BEMIDJI - Republicans are citing jobs and the economy as their top issues going into this fall's elections.
Minnesota was rated 44th in the country by the Tax Foundation in terms of business climate.
"You know you've got some work to do" when that happens, said Senate Majority Leader David Senjem, R-Rochester, during a Monday afternoon press conference in Bemidji.
Senjem said Minnesota needs to be competitive nationally and internationally when it comes to taxation and also provide a prepared workforce through strong K-12 programming and higher education.
Senjem appeared with Sen. John Carlson, R-Bemidji, as they recapped the recently finished legislative session and looked forward to the general election this fall.
Carlson restated his support and dedication to the Minnesota Accountable Government Innovation and Collaboration (MAGIC) Act.
The act, a reform proposal allowing counties more ability to initiate reforms and programs, easily passed the Senate 62-1 last May. But then it went to the House, where it didn't go beyond committee.
The act was presented full strength in the Senate, but was watered down, Carlson said, as he made it more palatable to House members and Gov. Mark Dayton. Still, it never found its way out of the House Ways and Means Committee.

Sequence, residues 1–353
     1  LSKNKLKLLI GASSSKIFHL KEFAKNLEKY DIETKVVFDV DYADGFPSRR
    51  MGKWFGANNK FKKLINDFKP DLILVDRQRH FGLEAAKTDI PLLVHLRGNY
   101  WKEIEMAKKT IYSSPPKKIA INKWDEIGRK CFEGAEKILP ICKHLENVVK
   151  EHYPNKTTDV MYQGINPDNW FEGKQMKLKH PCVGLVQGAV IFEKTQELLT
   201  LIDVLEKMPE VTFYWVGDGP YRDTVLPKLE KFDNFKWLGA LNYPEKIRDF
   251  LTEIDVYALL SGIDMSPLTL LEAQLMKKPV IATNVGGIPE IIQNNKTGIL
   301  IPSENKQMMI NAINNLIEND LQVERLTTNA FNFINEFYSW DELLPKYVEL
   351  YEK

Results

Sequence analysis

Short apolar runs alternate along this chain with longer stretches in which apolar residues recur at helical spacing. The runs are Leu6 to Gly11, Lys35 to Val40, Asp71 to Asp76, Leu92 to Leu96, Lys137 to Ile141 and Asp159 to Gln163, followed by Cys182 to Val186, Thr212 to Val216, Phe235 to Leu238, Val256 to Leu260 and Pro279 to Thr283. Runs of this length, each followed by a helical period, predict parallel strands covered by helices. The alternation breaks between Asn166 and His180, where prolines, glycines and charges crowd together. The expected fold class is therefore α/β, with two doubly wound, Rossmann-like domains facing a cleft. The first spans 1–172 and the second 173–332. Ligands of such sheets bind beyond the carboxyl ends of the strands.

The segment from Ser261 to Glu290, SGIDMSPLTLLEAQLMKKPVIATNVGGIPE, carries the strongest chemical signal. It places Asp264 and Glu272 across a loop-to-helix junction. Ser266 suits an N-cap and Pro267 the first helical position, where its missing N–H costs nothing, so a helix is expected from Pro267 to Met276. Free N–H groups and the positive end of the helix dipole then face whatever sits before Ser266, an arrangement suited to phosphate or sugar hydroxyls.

"For me, if I'm fortunate enough to get re-elected, my plan is to go back over the MAGIC Act," Carlson said, adding he will bring it forward in its full strength.
Senjem, who has been traveling throughout the state, said Republicans are out to spread the message that it accomplished its goals.
"We believe the state of Minnesota is better off today than it was prior to 2011 under DFL majorities," he said.
Republicans came in to the majority in 2010, facing a $6.2 billion deficit and leave now, following year after year of deficits, with a $1.2 billion surplus, Senjem said.
"This is a strong, strong swing," he said. "We're very proud to say we're part of that swing."
There now are more than 88,000 more jobs than there were during the depths of the recession, he noted.
"Things are going in the right direction," Senjem said.
He and Carlson noted several disappointments of the past session, focusing mainly on the Dayton's vetoes of the tax bill and LIFO, or last-in, last-out, through which school districts would not have to cut personnel solely on tenure and could take into account performance.
Carlson highlighted as a success the work that was done to streamline the environmental permitting process. He said that work had a direct benefit to this area as Norbord General Manager Jack Wallingford has told him that without the efficiency bill, he would have missed out on a $500 million opportunity that would have went to another plant.
"It could have potentially caused a shutdown of that facility," Carlson said. "That was how big that was."